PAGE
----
A blunt blade will catch and drag along the skin as you try to score it, resulting in unwanted puckering. Maneuvering a blunt blade around corners and curves can also become more difficult, since the blade’s constant catching may result in you having to re-cut the same cuts over and over again. The final look will be a jagged, messy scoring pattern.
Grignettes and Lames
The kind of blade you choose will all depend on the patterns you aim to make, as well as your own personal preference.
The most common blades that bakers use are lames, either attached to grignettes or used solo. Grignettes are basically blade holders, while the lame itself is the blade. Typically, the lame is slightly bent into the grignette, creating a curved surface – and providing a better angle when cutting.
This is useful for creating slashes with height or ones that force curvature on the bread cut. This curve opens the cut at an angle, where you can easily slice down through the dough and allow the “skin” of your loaf room to lift away. The result is maximum loaf expansion. Most bakers find this curvature useful to create ears or pouch cuts, as well as to slice through long breads, like baguettes.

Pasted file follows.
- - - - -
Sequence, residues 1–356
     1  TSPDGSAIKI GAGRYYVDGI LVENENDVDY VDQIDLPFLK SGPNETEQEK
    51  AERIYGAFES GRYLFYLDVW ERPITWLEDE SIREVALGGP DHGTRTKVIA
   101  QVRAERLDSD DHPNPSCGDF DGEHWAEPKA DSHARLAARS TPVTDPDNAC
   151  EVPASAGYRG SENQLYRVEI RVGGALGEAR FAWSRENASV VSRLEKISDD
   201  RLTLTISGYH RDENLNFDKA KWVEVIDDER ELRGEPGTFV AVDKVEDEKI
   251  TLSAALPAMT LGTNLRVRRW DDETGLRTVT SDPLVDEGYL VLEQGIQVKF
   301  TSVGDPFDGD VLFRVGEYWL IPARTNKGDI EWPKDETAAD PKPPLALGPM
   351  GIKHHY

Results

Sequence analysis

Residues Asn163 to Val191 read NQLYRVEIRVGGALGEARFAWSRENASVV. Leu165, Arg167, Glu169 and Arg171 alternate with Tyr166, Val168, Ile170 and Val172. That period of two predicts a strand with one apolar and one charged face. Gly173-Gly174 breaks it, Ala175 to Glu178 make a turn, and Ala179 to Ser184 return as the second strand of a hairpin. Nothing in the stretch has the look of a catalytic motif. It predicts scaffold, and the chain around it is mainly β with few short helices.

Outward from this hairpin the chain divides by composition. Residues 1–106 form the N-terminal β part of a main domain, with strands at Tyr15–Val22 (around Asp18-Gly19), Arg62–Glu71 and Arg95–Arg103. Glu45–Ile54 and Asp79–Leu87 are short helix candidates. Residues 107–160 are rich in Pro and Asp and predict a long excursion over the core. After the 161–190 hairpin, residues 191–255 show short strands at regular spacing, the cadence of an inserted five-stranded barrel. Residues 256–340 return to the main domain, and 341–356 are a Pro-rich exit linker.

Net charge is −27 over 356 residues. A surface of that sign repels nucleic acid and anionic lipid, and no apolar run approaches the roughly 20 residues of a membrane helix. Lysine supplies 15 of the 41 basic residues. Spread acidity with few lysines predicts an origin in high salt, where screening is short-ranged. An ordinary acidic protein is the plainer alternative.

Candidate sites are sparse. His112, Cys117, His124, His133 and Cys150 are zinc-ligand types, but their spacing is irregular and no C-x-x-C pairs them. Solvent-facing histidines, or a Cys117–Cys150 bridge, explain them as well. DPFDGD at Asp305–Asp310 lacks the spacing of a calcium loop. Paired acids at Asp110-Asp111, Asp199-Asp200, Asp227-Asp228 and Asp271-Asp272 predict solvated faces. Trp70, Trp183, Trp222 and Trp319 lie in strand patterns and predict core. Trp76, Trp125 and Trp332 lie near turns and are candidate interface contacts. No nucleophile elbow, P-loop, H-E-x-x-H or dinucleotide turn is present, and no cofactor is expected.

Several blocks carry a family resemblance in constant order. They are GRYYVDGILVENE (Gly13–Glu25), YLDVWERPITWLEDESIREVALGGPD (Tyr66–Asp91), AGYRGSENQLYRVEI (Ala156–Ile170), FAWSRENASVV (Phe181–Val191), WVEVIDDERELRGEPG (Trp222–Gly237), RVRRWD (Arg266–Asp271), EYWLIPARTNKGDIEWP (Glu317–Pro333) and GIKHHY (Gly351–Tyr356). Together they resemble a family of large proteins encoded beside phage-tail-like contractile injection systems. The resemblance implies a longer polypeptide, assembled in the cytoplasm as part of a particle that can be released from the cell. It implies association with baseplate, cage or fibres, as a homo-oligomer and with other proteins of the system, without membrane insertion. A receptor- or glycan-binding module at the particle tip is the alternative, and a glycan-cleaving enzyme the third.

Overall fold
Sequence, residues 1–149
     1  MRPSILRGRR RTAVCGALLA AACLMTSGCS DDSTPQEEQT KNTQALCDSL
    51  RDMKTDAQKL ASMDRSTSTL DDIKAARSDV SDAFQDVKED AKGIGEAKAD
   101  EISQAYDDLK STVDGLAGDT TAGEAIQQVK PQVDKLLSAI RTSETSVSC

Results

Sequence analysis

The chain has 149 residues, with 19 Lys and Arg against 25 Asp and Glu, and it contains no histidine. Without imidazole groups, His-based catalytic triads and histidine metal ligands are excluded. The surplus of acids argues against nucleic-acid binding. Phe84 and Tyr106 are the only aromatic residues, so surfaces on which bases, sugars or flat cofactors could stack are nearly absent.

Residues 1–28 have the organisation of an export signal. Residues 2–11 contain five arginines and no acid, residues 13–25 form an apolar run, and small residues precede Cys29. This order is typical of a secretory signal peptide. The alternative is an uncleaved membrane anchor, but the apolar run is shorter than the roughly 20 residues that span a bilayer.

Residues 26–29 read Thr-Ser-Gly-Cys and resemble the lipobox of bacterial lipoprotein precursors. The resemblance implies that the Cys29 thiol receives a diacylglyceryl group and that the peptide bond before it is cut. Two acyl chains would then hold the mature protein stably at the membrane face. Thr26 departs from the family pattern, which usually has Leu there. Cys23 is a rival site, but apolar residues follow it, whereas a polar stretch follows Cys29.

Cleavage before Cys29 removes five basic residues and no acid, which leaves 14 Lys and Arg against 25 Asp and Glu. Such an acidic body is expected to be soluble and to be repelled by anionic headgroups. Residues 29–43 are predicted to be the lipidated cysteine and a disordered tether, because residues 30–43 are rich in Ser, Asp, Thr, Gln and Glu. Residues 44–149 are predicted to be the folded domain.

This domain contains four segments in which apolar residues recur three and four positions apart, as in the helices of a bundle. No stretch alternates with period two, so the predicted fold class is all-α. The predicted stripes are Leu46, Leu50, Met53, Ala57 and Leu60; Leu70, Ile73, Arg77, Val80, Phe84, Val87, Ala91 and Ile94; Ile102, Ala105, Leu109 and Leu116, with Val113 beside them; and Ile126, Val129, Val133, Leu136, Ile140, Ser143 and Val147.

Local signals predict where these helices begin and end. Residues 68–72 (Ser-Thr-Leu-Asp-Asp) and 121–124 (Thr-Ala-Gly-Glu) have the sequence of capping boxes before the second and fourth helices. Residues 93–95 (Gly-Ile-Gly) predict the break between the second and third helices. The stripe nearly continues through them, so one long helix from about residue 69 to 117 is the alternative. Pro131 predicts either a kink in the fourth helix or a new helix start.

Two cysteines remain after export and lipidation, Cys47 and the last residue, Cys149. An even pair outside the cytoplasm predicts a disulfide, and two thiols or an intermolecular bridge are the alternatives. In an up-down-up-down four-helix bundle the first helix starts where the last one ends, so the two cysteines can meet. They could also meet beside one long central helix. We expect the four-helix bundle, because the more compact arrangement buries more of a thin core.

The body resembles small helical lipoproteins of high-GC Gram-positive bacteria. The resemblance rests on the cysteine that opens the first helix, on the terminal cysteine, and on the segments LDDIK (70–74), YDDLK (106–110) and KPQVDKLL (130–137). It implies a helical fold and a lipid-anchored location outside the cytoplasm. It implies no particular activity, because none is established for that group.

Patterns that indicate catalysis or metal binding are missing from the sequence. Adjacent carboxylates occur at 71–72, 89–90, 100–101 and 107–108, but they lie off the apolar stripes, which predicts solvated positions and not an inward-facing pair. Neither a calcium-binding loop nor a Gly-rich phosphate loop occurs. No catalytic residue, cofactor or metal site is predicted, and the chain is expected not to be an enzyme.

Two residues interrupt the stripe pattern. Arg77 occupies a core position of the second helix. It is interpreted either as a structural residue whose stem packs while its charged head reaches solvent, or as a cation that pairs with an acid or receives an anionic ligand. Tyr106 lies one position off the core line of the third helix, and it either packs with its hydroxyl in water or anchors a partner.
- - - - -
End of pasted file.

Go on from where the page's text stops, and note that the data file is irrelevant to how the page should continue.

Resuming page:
Depending on the site, you can buy a lame online for about $10.
Razor blades are the next best option after a grignette and lame. These thin blades closely mimic a lame and can easily be used to score bread in a pinch.
You can easily pop a traditional double-razor blade into a grignette, and it should score just fine. If you prefer to use a double-edged blade without first attaching it to the grignette, however, you need to be careful; you may accidentally cut yourself while trying to score with it.
The best way to pick this blade up is on its short edges, between only your thumb and forefinger. Pay close attention to how you score the bread, as that flap of skin between your thumb and forefinger will be exposed to the sharp edge.